To: “US applied it’s policy of leaving all development and progress to the private sector. No room for government involvement, and that was firmly discouraged.They pushed same thing throughout the world starting with Reagan’s presidency”.

    Again, this is a fairy tail that enables the current situation to fester in the US. It was Jimmy Carter that bought into the Ayn Rand/Friedman et al “freshwater-economics” in from the cold. It’s St. Jimmy that opened the door for a a return to the gilded-age [sans mercantilism].

    Who hired, the darling of Wall Street, Paul Volcker? Carter or Reagan?
    Who deregulated/privatized airlines-decimating small towns? Carter or Reagan?
    Who deregulated Natural Gas? Carter or Reagan?
    Who deregulated the trucking industry? Carter or Reagan?
    Pol Pot, East-Timor, Shah, Marcos,


    The list goes on and on. Until D-enablers BEGIN to understand the regression of the D-party from FDRism back to Woodrow K.K.K. Wilson [sans mercantilism] no progress is possible in the US.

    No one can proscribe medication when they can’t recognize the symptoms…much less, the disease. It’s the coordinated actions of today’s ruling parties, which are PLAINLY VISIBLE, that has created this tangled web…not one pol or political party. Riddle me this, both IKE and FDR governed in EXACTLY the same manner and the country out-shined-fascism..then communism [apologies to our host but, FDRism works better than communism]. Bush jr & Obama/Biden governed in EXACTLY the same manner and have plunged the country into debt, war & disgrace…if party affiliation is so important, what explains these contrarian examples? Slap a major-brand-party-lipstick on a pig and you still have…a pig.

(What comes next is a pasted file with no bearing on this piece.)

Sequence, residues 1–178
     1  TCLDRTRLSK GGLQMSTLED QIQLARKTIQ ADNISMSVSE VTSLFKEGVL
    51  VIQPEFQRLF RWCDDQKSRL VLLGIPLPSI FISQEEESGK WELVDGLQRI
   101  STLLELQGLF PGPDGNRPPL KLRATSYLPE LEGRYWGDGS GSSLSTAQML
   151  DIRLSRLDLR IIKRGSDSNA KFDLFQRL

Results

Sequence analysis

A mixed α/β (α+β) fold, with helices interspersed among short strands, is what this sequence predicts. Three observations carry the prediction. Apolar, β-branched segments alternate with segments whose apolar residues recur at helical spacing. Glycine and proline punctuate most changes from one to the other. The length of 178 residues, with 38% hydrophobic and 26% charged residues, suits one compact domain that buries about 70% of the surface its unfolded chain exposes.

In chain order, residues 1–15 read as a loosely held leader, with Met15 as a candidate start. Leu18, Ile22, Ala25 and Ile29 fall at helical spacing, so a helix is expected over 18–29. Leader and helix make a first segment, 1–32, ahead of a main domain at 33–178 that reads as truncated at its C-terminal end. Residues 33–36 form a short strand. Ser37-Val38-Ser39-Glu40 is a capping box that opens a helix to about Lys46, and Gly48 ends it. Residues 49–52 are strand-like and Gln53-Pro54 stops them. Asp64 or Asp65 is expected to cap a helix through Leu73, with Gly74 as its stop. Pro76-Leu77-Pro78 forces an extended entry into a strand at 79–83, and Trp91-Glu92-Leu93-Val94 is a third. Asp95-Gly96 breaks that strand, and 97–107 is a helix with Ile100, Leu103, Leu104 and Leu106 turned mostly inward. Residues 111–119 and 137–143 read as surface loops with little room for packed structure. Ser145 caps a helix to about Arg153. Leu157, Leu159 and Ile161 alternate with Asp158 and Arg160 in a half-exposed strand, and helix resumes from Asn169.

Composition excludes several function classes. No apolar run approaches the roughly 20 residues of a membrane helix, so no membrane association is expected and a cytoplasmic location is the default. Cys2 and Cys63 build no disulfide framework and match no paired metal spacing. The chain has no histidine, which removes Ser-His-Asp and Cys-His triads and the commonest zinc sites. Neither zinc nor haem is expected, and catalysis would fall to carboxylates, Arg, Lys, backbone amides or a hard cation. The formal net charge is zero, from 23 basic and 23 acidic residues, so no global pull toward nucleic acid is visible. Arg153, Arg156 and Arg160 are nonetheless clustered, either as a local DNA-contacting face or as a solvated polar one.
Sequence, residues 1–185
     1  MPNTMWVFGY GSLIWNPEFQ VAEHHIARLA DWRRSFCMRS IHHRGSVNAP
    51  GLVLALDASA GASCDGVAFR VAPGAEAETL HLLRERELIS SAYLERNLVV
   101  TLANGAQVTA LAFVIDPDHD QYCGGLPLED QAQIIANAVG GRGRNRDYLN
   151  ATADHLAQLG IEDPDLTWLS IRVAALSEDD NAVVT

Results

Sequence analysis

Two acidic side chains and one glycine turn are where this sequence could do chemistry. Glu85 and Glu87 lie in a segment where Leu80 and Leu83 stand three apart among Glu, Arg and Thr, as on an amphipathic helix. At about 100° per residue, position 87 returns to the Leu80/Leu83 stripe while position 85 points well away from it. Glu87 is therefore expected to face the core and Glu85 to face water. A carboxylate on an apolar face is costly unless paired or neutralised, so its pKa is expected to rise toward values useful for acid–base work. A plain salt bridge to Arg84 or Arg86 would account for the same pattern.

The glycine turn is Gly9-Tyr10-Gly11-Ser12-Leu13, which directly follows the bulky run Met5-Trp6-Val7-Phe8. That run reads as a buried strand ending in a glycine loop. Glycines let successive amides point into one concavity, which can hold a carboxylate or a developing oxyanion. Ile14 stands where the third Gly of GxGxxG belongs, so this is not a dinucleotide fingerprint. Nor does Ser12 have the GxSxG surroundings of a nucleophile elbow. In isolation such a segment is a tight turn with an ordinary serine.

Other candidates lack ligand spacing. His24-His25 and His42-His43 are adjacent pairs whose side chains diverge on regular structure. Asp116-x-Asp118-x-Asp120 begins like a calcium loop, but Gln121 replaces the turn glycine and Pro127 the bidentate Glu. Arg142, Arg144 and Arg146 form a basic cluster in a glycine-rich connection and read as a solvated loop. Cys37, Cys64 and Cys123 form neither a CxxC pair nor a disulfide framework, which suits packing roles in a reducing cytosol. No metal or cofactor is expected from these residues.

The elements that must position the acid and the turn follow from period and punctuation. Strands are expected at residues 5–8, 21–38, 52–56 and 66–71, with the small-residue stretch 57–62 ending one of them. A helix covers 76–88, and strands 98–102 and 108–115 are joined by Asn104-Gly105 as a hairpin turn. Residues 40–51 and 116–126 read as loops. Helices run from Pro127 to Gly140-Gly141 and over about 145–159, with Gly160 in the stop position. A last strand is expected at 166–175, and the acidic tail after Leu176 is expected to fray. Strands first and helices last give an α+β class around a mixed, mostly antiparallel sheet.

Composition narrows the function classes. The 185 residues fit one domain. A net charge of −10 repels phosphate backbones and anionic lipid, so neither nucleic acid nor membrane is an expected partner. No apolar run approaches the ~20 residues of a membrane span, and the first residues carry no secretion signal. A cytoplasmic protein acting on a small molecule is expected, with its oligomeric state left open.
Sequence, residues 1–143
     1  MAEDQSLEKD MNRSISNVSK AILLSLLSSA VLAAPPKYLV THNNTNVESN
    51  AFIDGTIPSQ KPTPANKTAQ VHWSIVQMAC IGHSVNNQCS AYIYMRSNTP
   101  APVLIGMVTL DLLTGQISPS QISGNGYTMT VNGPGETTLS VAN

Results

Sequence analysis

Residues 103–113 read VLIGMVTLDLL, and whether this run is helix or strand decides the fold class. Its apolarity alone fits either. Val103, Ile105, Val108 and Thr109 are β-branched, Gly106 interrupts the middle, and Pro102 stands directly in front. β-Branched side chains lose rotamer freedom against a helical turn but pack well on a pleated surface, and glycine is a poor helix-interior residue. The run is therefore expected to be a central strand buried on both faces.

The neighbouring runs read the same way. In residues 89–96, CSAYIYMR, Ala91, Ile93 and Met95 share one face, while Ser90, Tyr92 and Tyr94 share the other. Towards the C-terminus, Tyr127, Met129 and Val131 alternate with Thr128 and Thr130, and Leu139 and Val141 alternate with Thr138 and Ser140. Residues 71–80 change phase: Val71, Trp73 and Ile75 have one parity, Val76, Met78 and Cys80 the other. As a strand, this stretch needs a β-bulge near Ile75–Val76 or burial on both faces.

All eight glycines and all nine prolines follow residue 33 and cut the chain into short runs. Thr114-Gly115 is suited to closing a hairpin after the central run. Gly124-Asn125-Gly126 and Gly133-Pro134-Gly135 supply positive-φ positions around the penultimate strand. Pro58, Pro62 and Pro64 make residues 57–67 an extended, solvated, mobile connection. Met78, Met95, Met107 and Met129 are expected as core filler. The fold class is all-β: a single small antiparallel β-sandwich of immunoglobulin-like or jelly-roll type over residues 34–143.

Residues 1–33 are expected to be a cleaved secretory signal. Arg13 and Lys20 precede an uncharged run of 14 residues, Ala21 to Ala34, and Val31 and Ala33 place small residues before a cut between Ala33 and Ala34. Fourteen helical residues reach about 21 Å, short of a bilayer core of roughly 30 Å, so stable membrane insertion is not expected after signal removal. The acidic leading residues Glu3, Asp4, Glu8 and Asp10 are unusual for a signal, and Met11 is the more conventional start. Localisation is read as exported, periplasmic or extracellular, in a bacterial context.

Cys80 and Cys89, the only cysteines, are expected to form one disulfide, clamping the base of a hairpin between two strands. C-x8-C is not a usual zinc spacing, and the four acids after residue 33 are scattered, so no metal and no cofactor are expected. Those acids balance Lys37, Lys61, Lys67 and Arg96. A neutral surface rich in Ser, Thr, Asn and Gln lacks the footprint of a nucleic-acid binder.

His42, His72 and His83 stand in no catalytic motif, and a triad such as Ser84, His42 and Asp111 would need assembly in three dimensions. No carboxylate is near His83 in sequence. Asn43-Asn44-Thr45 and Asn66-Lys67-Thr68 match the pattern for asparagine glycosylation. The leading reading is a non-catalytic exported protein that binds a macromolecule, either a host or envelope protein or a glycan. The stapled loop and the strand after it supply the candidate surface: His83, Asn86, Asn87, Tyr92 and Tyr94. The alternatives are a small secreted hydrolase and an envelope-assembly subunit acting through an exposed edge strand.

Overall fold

Liked by 1 person

    • yalensis says:

      Excellent points, S. Well, to be sure, I personally believe that the more socialism the better. It’s like paprika in the goulash, there is no such thing as too much paprika!
      But sheer raw capitalism without any socialism (like the U.S. presidents you mention) simply doesn’t work. Randism not only doesn’t work, but harms people irreparably.

      Russian policies of subsidizing Crimean farmers, etc., that’s a dose of socialism within the Russian capitalist system. I guess you could call it “state capitalism”, which is capitalism with some elements of socialism. China is evolving in the same direction, I reckon.

      Add more paprika!

      Liked by 1 person

      • yalensis says:

        P.S. another point I wanted to make:
        There are several different reasons why Ukraine (especially post-Maidan) balks at adding any socialist ingredients to the recipe. It isn’t only that they are part of the Globalist ideology (which is basically Randite), there is a darker reason as well, and is one of the reasons why true socialism was never possible in the United States: Racism.

        I mean, socialism implies that you want to raise the living standard of ALL citizens dwelling within your boundaries. And sometimes that means giving stuff away, or just helping people out, whether they deserve it or not.
        But if a government secretly hates certain people and secretly wishes they would just die….

        Liked by 1 person

      • S Brennan says:

        Well, we may disagree on the finer points of economic practice but…

        …thank God we agree on Paprika!